Although contortionists, snake charmers and barrel organ players have long been forgotten in the world of public performance, street entertainment still thrives today. Whether it is for self-expression, self-preservation, or just for the love of the craft, buskers—a word which comes from buscar in Spanish, meaning to seek or to wander—are a colourful lot of artists who add their unique brushstroke to a city’s portrait.
I’ve always been fascinated by transit musicians and what makes them tick, so I took to the streets not only to show my appreciation but to get to know a few of them.
Twenty-one-year-old Karolina, from Poland, is a music student at the Barcelona conservatory. Her dream is to be a classical violinist and to be able to master Prokofiev and Sibelius. “It is my passion.” Karolina says, “I’ve been playing the violin since I was seven years old.” When asked about her favourite spot and her motivation to play in the subways, Karolina answers frankly: “Plaça Catalunya is the best place, in my opinion. I play in the underpass strictly to sustain myself as a student. In one hour, I could make, on average, sixty euros.”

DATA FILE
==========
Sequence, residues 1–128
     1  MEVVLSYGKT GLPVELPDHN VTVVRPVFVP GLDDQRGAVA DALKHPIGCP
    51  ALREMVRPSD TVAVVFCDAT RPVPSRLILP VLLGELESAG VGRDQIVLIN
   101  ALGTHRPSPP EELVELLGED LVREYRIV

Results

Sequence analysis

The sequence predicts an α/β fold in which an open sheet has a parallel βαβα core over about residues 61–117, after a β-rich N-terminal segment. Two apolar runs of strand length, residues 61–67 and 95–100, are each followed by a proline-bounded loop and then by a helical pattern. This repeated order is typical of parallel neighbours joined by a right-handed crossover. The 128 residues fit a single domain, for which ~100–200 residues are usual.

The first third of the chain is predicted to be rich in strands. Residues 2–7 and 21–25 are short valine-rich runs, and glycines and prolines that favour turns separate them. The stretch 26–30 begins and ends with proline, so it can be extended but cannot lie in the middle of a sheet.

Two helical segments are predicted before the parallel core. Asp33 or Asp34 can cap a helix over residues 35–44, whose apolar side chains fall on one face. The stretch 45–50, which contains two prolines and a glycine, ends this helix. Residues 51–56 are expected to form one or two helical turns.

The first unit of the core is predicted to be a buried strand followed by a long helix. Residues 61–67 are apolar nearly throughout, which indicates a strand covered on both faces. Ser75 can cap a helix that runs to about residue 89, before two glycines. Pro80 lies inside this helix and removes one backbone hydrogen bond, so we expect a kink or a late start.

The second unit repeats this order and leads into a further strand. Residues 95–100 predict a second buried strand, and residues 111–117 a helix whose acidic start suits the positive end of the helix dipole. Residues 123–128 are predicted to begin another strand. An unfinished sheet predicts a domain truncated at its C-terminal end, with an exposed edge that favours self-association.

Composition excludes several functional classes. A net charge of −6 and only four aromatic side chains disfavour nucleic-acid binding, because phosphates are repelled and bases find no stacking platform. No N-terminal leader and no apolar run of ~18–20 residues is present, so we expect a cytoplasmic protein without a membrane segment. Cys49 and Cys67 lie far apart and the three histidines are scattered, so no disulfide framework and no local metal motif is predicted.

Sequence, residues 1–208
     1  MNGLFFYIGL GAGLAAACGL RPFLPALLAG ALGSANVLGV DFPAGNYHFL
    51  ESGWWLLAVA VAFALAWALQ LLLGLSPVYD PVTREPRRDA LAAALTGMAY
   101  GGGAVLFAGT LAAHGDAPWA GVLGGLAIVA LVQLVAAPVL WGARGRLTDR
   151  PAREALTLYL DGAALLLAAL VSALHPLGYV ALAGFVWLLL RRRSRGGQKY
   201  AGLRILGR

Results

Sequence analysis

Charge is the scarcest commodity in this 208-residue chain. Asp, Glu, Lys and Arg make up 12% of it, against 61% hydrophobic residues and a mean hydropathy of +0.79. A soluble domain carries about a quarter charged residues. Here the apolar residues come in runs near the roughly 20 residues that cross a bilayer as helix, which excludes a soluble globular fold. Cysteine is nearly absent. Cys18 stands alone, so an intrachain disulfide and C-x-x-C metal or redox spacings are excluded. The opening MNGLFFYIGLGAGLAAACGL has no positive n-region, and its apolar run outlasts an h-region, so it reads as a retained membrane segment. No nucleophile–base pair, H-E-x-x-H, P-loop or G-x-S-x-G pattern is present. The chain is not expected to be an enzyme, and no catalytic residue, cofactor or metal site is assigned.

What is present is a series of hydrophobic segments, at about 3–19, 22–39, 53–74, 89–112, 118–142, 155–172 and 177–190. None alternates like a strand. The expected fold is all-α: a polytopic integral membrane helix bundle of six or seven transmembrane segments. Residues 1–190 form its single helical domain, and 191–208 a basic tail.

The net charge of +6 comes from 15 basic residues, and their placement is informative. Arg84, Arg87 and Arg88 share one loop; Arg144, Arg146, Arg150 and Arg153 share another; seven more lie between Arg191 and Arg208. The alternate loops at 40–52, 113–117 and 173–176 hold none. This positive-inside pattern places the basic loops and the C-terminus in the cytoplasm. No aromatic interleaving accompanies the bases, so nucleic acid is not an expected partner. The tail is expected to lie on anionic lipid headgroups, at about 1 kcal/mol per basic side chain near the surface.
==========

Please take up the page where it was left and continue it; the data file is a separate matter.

Xavi Rodellino Pérez, a “subterranean” musician in his forties, commutes fifty kilometres every day to play his favourite folk musicians, such as Cat Stevens and Bob Dylan. Playing the guitar and harmonica from an early age, it wasn’t until hearing Pink Floyd’s Wish You Were Here that he was inspired to showcase his own musical talents.
“My motivation is the music,” he says. “With music, I found my way in life, dedicating myself to my instrument. I don’t write songs and it’s always been a great frustration that I couldn’t put more effort into writing, because of work and other things. Of course, playing in the subways also helps me earn a bit more than my normal salary.”